The former Archbishop of Adelaide, Philip Wilson, who was found guilty in May of concealing the abuse of altar boys in the 1970s by pedophile priest James Fletcher, has successfully appealed his conviction.
A court in New South Wales on Thursday ruled in favor of Wilson, saying there was reasonable doubt the clergyman had ever committed the crime, according to a statement from New South Wales Courts.
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The 68-year-old Wilson had been the highest-ranking Catholic official ever to be convicted of covering up sex abuse. He avoided prison after a court earlier sentenced him to home detention under his sister's custody.
Wilson resigned his post in July, even as he continued efforts to appeal the original conviction.
The original guilty verdict against Wilson was seen as a pivotal moment with potentially far-reaching implications for other clergy members implicated in the child sex abuse scandal that's engulfed the Catholic Church globally.
Wilson was an assistant priest when Fletcher, a Catholic priest based in the Hunter Valley of New South Wales, abused altar boys in the mid-1970s.
Prosecutors had argued the Archbishop failed to report the abuse to authorities, allowing Fletcher to remain in the clergy and abuse other children.
Wilson and Fletcher went their separate ways after 1976. Wilson then begin his climb through the church's hierarchy, an assent which took him to the role of Archbishop of Adelaide in 2001.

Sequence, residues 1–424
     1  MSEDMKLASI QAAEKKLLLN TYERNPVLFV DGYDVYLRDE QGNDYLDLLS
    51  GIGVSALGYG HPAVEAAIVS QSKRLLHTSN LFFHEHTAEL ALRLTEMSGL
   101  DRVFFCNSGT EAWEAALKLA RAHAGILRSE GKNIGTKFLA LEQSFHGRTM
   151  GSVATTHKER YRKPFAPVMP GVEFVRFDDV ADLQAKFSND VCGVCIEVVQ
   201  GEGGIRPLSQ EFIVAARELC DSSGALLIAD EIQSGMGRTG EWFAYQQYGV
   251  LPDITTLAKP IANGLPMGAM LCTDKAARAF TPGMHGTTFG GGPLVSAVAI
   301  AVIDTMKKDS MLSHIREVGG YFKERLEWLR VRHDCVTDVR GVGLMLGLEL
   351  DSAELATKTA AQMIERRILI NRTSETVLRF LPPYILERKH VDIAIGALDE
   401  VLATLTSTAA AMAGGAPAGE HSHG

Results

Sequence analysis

Fletcher was never charged with any offending relating to his behavior in 1976. However, in 2004, Fletcher was convicted of eight counts of child abuse and later sentenced to 10 years in prison. The eight charges were committed between 1989 and 1991.
Fletcher died in prison in 2006. Wilson was charged in 2015, accused of failing to report Fletcher's abuse to police.
The case comes as Australia is still grappling with historic accusations of child sex abuse in the country's Catholic Church, which has been subject to numerous investigations including a Royal Commission.
There was anger among many survivors in August when the Church rejected calls for priests to be compelled to report child abuse revealed in confessionals.
The Church said it would accept "98%" of recommendations made by a high-level government inquiry into child sexual abuse, which uncovered shocking accounts of widespread abuse inside Australian religious institutions.
But church leaders said that they would maintain the sanctity of confession, arguing to remove it would infringe on religious liberties.
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